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‘WNT-er is coming’: WNT signalling in chronic lung diseases
  1. H A Baarsma1,
  2. M Königshoff1,2
  1. 1 Comprehensive Pneumology Center, Helmholtz Center Munich, Ludwig Maximilians University Munich, University Hospital Grosshadern, Member of the German Center for Lung Research (DZL), Munich, Germany
  2. 2 Division of Pulmonary Sciences and Critical Care Medicine, Department of Medicine, University of Colorado School of Medicine, Aurora, Colorado, USA
  1. Correspondence to Professor M Königshoff, Division of Pulmonary Sciences and Critical Care Medicine, Department of Medicine, University of Colorado School of Medicine, Anschutz Medical Campus M/S C 272, 12700 E 19th Avenue, RC2, 9th Floor, Aurora, CO 80045-2581, USA; Melanie.Koenigshoff{at}


Chronic lung diseases represent a major public health problem with only limited therapeutic options. An important unmet need is to identify compounds and drugs that target key molecular pathways involved in the pathogenesis of chronic lung diseases. Over the last decade, there has been extensive interest in investigating Wingless/integrase-1 (WNT) signalling pathways; and WNT signal alterations have been linked to pulmonary disease pathogenesis and progression. Here, we comprehensively review the cumulative evidence for WNT pathway alterations in chronic lung pathologies, including idiopathic pulmonary fibrosis, pulmonary arterial hypertension, asthma and COPD. While many studies have focused on the canonical WNT/β-catenin signalling pathway, recent reports highlight that non-canonical WNT signalling may also significantly contribute to chronic lung pathologies; these studies will be particularly featured in this review. We further discuss recent advances uncovering the role of WNT signalling early in life, the potential of pharmaceutically modulating WNT signalling pathways and highlight (pre)clinical studies describing promising new therapies for chronic lung diseases.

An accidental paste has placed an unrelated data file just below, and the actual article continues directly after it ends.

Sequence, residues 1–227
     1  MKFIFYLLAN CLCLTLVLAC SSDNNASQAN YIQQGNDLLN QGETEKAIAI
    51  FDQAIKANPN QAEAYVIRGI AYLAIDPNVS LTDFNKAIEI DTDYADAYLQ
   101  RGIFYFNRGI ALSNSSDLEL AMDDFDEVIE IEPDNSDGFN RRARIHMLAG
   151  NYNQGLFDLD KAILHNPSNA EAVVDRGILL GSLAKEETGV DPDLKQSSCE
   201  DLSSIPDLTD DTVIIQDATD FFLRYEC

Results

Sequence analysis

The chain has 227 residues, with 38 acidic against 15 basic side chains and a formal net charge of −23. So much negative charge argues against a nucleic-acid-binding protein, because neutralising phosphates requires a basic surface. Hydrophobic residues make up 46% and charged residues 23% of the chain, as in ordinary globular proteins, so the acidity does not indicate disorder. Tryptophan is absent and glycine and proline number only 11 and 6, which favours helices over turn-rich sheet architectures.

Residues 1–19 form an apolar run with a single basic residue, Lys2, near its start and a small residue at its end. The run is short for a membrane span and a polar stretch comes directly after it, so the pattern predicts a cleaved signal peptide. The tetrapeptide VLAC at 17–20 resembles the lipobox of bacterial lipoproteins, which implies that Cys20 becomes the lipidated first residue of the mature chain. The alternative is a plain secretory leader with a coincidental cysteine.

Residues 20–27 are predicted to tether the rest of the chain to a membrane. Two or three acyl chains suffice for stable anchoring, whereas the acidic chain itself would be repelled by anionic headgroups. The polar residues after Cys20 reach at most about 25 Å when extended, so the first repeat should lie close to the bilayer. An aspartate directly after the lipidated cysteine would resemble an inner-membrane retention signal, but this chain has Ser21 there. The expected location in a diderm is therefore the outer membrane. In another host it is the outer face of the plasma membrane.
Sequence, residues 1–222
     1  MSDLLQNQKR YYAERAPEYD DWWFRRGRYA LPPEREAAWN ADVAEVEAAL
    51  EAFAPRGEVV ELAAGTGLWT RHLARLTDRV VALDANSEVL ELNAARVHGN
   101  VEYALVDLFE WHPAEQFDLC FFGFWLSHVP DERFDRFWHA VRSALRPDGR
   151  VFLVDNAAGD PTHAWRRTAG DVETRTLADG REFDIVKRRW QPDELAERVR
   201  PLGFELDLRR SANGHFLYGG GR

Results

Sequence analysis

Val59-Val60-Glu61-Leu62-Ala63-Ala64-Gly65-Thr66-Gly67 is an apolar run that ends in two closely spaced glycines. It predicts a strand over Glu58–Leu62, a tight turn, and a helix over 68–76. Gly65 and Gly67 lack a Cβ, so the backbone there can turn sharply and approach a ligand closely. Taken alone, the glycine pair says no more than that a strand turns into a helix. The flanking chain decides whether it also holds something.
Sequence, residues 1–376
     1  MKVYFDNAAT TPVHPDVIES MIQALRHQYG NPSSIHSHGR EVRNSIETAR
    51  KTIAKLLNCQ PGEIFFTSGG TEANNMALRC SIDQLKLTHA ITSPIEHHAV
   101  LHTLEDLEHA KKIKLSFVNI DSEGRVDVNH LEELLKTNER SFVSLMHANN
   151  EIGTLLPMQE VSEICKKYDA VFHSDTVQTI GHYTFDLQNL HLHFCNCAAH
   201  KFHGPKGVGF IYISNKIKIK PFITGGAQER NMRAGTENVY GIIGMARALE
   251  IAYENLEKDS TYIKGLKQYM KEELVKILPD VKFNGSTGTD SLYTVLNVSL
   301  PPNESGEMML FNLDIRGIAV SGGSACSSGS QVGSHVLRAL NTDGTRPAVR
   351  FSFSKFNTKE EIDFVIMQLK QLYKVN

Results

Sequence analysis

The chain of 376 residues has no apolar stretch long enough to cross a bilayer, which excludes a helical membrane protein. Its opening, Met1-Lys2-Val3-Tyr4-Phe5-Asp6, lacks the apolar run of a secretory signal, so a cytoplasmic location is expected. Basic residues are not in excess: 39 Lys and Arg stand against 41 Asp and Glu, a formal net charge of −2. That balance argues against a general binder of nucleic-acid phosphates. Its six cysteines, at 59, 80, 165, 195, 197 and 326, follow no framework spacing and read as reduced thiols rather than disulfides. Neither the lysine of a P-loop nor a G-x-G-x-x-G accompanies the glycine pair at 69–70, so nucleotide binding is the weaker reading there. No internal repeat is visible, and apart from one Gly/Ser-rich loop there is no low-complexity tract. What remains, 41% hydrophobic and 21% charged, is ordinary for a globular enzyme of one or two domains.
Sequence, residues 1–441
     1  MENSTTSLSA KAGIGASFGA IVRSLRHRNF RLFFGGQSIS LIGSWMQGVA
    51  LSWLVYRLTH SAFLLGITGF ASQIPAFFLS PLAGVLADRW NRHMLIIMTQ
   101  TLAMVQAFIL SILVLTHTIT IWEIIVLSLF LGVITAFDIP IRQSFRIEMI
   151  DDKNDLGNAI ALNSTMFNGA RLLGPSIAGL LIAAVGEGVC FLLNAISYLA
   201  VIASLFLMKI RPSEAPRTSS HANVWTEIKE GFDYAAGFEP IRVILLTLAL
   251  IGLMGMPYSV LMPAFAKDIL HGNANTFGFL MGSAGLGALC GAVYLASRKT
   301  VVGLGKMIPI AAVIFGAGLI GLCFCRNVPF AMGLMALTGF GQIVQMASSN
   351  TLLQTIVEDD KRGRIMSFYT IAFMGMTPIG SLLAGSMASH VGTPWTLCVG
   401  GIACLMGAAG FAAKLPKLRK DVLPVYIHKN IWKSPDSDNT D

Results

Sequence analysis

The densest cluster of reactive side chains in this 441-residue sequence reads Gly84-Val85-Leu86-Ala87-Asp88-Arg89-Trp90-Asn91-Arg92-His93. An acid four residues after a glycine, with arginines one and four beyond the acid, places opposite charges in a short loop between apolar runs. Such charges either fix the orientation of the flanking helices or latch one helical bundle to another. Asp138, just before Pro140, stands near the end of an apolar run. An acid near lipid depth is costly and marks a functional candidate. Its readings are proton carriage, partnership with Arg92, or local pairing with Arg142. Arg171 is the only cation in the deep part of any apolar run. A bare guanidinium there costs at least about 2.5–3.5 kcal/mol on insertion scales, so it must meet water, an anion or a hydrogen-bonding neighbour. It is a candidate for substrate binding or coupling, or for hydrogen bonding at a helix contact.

• Airway Epithelium
  • Asthma
  • COPD ÀÜ Mechanisms
  • Cytokine Biology
  • Idiopathic pulmonary fibrosis
  • COPD Pharmacology
  • Asthma Mechanisms

This is an Open Access article distributed in accordance with the Creative Commons Attribution Non Commercial (CC BY-NC 4.0) license, which permits others to distribute, remix, adapt, build upon this work non-commercially, and license their derivative works on different terms, provided the original work is properly cited and the use is non-commercial. See:

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  • Twitter Follow Melanie Königshoff @m_konigshoff

  • Contributors HAB and MK conceptually designed and wrote the manuscript.

  • Funding HAB is supported by a postdoctoral fellowship from the European Respiratory Society (ERS Fellowship LTRF 79-2012) and a fellowship from Helmholtz Zentrum Germany (PFP PF-135). MK is supported by a European Research Council Starting Grant (ERC-StG-LS7, Grant No. 261302) and a W2/3 Professorship Award by the Helmholtz Association.

  • Competing interests None declared.

  • Provenance and peer review Commissioned; externally peer reviewed.

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